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Re: On Preterism, the Second Coming and Hell

Postby steve7150 » Mon Jun 23, 2014 4:35 am

as well as thinking Jesus' words in Acts 1 (unlike the Gospel references) are most naturally read as sounding like some kind of literally visible return, just as his departure is portrayed as an actual sight of him beheld with their physical eyes. In any event, he is implying Jesus knew no second coming, but the apostles later understood that there would be one described in terms awfully similar to Jesus' words that he thinks intended no such vision. What do you make of this?

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I think Jesus use of gehenna and/or "coming in the clouds" in the gospels could have referred to 70AD Jerusalem destruction because these are OT expressions used to mean destruction and judgment. However in Acts 1 it sounds like Jesus will return in like manner to his ascension is referring to a physical second coming.
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Re: On Preterism, the Second Coming and Hell

Postby Richard Beck » Mon Jun 23, 2014 6:47 am

Sobornost wrote:As someone who I think at least is accommodating to the older tradition of Universalism to which I belong and stresses that God is not actively violent but brings judgment by uncovering human wrath though love and Truth and handing us over to our own wrath in order to save us from it...

Can this fit Preterism?

Does Preterism preclude other crises of judgement and perhaps a final one

DO you think Paul in first Thessalonians is predicting the judgment on Jerusalem? And is Pauls' growing universalism in anyway connected with this event being past?

Would you place The Apocalypse of John in the context of the Jewish Roman wars (as I know Margaret Barker does for example)


I've been aware of partial preterism for some time as, like I said, it's the default view in my faith tradition. And like I described in the post, partial preterism does put the Second Coming and Final Judgement in the future. Based largely on texts like 1 Thess. and Revelation.

Regarding full preterism--what is called the "AD 70 doctrine" in my tradition--I'm less familiar with and only have just begun to think about. So I don't have any answers about how every NT text can get shoehorned into the events of AD 70. My post is simply raising the issue that if people, in the debates about hell, point to AD 70 as the reference for what Jesus meant by Gehenna then what about the "second coming" aspects of that same text? I don't have an answer to that question, just floating it for conversation.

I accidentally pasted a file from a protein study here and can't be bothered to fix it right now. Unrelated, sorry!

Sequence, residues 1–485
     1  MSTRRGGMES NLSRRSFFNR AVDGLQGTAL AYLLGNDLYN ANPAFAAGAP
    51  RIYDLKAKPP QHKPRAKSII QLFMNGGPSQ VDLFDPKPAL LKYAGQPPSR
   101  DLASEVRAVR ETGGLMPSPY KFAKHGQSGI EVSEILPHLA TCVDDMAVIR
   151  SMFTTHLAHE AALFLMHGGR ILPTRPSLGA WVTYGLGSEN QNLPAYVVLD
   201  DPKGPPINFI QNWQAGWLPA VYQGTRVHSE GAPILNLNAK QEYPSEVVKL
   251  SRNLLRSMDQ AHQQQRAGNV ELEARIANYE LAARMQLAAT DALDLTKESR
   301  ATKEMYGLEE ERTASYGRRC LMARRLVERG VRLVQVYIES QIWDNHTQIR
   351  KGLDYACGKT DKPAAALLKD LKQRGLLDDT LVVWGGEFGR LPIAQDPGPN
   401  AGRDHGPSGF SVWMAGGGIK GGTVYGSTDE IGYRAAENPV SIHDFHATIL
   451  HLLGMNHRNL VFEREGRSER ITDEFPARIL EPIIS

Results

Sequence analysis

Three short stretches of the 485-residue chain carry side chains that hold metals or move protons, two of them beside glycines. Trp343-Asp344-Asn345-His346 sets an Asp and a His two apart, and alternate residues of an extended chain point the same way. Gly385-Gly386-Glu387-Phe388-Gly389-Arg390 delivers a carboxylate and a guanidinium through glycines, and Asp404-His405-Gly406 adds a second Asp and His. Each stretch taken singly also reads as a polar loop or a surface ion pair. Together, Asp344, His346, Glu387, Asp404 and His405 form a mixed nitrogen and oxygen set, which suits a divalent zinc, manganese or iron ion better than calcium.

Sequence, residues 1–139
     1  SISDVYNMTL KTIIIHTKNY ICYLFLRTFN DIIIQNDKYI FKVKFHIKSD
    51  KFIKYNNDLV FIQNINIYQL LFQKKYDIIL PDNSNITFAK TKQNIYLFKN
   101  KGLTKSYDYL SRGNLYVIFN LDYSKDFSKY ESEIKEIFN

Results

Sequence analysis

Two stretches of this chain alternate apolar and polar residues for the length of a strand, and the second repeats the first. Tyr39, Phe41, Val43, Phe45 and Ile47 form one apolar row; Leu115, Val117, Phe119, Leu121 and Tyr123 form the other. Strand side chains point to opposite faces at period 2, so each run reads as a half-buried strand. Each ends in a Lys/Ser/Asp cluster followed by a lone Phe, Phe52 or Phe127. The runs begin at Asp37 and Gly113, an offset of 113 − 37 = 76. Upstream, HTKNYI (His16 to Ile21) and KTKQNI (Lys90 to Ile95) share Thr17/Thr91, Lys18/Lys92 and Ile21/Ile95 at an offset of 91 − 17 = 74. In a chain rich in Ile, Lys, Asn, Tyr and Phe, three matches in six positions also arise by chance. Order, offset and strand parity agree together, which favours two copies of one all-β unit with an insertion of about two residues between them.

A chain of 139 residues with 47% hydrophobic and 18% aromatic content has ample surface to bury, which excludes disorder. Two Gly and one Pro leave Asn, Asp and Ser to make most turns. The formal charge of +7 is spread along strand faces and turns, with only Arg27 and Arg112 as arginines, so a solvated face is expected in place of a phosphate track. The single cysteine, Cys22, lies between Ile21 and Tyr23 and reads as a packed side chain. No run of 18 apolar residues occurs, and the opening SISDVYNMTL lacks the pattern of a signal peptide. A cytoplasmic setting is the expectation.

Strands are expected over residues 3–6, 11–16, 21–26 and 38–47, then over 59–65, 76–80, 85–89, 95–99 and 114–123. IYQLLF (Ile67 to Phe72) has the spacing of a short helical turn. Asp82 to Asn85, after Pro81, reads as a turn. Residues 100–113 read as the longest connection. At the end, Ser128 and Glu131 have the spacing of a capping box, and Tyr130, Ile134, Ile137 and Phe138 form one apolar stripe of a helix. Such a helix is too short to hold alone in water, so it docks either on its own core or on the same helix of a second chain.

All that said, my interests are in thinking through what a "progressive preterism" might look like, a wedding of progressive ideas (like God's non-violence) and a preterist eschatology.

For example, regarding God's non-violence, I have a post scheduled to come out a few months from now. In that post I dwell on this text in Luke that sets up the Olivet Discourse about the Destruction of Jerusalem:

Luke 19.41-44
And when Jesus drew near and saw the city, he wept over it, saying, “Would that you, even you, had known on this day the things that make for peace! But now they are hidden from your eyes. For the days will come upon you, when your enemies will set up a barricade around you and surround you and hem you in on every side and tear you down to the ground, you and your children within you. And they will not leave one stone upon another in you, because you did not know the time of your visitation.”


Basically, and this is a point that N.T. Wright makes, Jesus saw Israel on a violent collision course with Rome. One that would end very, very badly. As Jesus says, Jerusalem had failed to learn "the things that make for peace." And because Jerusalem had failed to respond to Jesus's kingdom proclamation, failed to learn the things that make for peace, Jerusalem had set herself on a path of destruction.

Importantly for your questions about a non-violent God, we can keep with a preterist reading here--that all the talk in the bible about hell is about AD 70--and we can use a text like Luke 19.41-44 to show how this is a violence that Jerusalem brought upon herself by responding violently to Rome. That is, the cycles of violence just keep repeating, world-historically.

Jesus's Kingdom proclamation, by contrast, speaks to "the things that make for peace" in this world.

All that to say, there seem to be ways to have a preterist reading of "hell" (AD 70 events that keep repeating in history, violence begetting violence) that keeps to a vision of a non-violent God.

These are the connections that I'm interested in exploring.
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Re: On Preterism, the Second Coming and Hell

Postby Sobornost » Mon Jun 23, 2014 8:33 am

Good on you Richard - and pleased to meet you old chap :)

May the seed Christ reign (in love over disorderly spirits)


Dick :D